wuffs_base__pixel_format is a
uint32_t that encodes the format of the bytes that constitute an image frame's pixel data. Its bits:
28 ..= 31encodes color (and channel order, in terms of memory).
26 ..= 27are reserved.
24 ..= 25encodes transparency.
21 ..= 23are reserved.
20indicates big-endian/MSB-first (instead of little/LSB).
19indicates floating point (instead of integer).
18indicates palette-indexed. The number-of-planes (the next field) will be 0, as the format is considered interleaved, but the 8-bit N-BGRA color data is stored in plane 3.
16 ..= 17are the number of planes, minus 1. Zero means interleaved.
12 ..= 15encodes the number of bits (depth) in the 3rd channel.
8 ..= 11encodes the number of bits (depth) in the 2nd channel.
4 ..= 7encodes the number of bits (depth) in the 1st channel.
0 ..= 3encodes the number of bits (depth) in the 0th channel.
The bit fields of a
wuffs_base__pixel_format are not independent. For example, the number of planes should not be greater than the number of channels. Similarly, bits
4 ..= 15 are unused (and should be zero) if bits
24 ..= 31 (color and transparency) together imply only 1 channel (e.g. gray, no alpha) and floating point samples should mean a bit depth of 16, 32 or 64.
Formats hold between 1 and 4 channels. For example: Y (1 channel: gray), YA (2 channels: gray and alpha), BGR (3 channels: blue, green, red) or CMYK (4 channels: cyan, magenta, yellow, black).
For direct formats with N > 1 channels, those channels can be laid out in either 1 (interleaved) or N (planar) planes. For example, RGBA data is usually interleaved, but YCbCr data is usually planar, due to chroma subsampling.
For indexed formats, the palette (always 256 × 4 bytes) holds 8 bits per channel non-alpha-premultiplied BGRA color data. There is only 1 plane (for the index), as the format is considered interleaved. Plane 0 holds the per-pixel indices. Plane 3 is re-purposed to hold the per-index colors.
Color is encoded in 4 bits:
In Wuffs, channels are given in memory order (also known as byte order), regardless of endianness, since the C type for the pixel data is an array of bytes, not an array of
uint32_t. For example, interleaved BGRA with 8 bits per channel means that the bytes in memory are always Blue, Green, Red then Alpha. On big-endian systems, that is the
uint32_t 0xBBGGRRAA. On little-endian,
Transparency is encoded in 2 bits:
Binary alpha means that if a color is not completely opaque, it is completely transparent black. As a source pixel format, it can therefore be treated as either non-premultiplied or premultiplied.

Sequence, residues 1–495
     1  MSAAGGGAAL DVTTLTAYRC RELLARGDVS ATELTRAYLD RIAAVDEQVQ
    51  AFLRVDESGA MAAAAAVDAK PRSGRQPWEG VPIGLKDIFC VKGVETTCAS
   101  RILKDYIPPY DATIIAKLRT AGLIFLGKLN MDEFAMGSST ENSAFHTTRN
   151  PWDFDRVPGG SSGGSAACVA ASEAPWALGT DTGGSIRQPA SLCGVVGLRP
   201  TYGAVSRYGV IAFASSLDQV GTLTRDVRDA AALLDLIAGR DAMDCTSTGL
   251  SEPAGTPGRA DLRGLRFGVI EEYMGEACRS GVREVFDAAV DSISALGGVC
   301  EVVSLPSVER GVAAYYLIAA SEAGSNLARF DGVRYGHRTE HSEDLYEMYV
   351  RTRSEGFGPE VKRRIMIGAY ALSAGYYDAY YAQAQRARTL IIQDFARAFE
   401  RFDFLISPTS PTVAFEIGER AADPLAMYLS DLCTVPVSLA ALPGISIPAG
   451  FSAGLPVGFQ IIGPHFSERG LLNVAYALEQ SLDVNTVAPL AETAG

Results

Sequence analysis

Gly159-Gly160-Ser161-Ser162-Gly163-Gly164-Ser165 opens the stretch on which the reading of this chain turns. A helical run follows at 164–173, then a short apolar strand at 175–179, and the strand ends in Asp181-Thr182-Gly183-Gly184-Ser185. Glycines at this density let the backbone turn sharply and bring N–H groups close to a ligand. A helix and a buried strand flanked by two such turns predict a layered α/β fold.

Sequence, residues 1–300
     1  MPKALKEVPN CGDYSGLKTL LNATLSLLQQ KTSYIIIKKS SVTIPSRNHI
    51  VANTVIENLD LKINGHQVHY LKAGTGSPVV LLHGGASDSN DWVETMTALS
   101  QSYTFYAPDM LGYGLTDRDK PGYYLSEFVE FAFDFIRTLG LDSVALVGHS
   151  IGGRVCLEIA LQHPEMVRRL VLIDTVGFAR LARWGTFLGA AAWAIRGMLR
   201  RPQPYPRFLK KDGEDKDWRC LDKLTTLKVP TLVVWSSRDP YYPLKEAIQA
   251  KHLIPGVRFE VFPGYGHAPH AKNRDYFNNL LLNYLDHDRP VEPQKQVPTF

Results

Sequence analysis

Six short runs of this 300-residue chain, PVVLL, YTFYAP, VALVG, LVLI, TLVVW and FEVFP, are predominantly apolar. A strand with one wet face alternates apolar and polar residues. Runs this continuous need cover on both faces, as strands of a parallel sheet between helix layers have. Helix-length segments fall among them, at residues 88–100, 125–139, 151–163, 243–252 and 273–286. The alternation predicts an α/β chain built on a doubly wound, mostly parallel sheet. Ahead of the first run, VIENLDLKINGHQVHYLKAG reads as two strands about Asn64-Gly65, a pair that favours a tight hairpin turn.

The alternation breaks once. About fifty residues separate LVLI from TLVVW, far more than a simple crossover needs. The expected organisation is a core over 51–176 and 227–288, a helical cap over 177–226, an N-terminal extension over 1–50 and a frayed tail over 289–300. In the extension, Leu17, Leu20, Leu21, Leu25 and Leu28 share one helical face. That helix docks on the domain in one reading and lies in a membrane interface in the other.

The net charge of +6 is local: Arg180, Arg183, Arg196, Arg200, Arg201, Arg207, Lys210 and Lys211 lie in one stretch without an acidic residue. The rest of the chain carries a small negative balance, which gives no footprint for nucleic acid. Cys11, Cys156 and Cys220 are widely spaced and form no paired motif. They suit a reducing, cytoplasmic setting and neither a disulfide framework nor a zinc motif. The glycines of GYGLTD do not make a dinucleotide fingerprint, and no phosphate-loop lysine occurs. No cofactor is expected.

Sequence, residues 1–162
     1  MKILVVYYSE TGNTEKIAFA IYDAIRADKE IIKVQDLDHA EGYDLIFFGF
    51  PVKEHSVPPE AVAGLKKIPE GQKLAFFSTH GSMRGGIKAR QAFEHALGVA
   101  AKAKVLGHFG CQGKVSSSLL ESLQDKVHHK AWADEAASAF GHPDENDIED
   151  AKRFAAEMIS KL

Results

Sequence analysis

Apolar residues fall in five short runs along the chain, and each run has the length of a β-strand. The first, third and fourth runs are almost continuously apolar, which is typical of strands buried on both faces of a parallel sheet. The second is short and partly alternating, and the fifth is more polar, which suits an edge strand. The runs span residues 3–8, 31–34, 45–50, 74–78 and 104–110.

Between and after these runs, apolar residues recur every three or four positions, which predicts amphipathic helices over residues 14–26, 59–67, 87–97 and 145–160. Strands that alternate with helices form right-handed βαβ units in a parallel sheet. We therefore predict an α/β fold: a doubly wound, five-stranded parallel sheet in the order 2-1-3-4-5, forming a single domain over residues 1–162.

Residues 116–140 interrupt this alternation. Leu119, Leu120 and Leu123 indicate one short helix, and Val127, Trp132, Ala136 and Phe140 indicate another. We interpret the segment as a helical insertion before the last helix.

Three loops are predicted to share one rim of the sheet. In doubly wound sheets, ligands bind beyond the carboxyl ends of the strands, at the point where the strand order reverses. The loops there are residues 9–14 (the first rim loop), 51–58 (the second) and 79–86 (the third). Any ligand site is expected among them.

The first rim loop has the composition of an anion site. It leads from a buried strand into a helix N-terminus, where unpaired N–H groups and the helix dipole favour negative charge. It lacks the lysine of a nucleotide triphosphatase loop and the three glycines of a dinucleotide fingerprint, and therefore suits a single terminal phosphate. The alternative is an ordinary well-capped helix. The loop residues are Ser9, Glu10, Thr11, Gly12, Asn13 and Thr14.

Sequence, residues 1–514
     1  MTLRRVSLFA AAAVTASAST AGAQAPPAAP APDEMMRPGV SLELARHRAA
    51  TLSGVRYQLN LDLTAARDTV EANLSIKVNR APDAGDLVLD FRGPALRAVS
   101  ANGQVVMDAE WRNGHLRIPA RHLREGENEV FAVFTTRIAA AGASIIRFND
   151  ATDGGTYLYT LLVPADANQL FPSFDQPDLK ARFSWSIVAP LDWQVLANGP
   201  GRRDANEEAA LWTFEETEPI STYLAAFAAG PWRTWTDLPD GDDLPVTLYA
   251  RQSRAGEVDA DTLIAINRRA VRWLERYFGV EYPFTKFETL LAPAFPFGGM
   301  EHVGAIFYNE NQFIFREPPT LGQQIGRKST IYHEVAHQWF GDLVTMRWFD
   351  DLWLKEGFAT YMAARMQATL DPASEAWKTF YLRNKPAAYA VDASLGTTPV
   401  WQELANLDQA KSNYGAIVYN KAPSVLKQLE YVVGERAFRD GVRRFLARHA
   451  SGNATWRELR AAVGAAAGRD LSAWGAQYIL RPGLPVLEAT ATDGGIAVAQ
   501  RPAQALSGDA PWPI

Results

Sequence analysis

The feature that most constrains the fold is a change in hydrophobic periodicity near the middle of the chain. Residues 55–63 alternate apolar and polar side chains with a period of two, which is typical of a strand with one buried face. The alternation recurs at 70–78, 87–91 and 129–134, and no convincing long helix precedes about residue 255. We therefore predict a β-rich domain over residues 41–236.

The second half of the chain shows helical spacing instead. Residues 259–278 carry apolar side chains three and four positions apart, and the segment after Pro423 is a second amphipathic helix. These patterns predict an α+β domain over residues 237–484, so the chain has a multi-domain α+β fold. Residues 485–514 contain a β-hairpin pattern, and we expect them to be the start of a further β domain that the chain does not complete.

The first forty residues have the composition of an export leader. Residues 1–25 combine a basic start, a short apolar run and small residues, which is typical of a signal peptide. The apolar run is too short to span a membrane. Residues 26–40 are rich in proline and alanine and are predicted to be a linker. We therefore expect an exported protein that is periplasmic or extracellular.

wuffs_base__pixel_format value is an invalid pixel format, as it is invalid to combine the zero color (alpha only) with the zero transparency.
Bit depth is encoded in 4 bits:
1 ..= 8.
For example, the value
0x80000565 means BGR with no alpha or padding, 5/6/5 bits for blue/green/red, interleaved 2 bytes per pixel, laid out LSB-first in memory order:
ptr+0........... ptr+1........... MSB LSB MSB LSB G₂G₁G₀B₄B₃B₂B₁B₀ R₄R₃R₂R₁R₀G₅G₄G₃
On little-endian systems (but not big-endian), this Wuffs pixel format value (
0x40000565) corresponds to the Cairo library‘s
CAIRO_FORMAT_RGB16_565, the SDL2 (Simple DirectMedia Layer 2) library’s
SDL_PIXELFORMAT_RGB565 and the Skia library's
kRGB_565_SkColorType. Note BGR in Wuffs versus RGB in the other libraries.
Regardless of endianness, this Wuffs pixel format value (
0x40000565) corresponds to the V4L2 (Video For Linux 2) library‘s
V4L2_PIX_FMT_RGB565 and the Wayland-DRM library’s
Different software libraries name their pixel formats (and especially their channel order) either according to memory layout or as bits of a native integer type like
uint32_t. The two conventions differ because of a system‘s endianness. As mentioned earlier, Wuffs pixel formats are always in memory order. More detail of other software libraries’ naming conventions is in Alexandros Frantzis' Pixel Format Guide.
wuffs_base__pixel_format bit packing is documented for explanation and to assist in debugging (e.g.
printfing the bits in
%x format). However, do not manipulate its bits directly; they are private implementation details. Use functions such as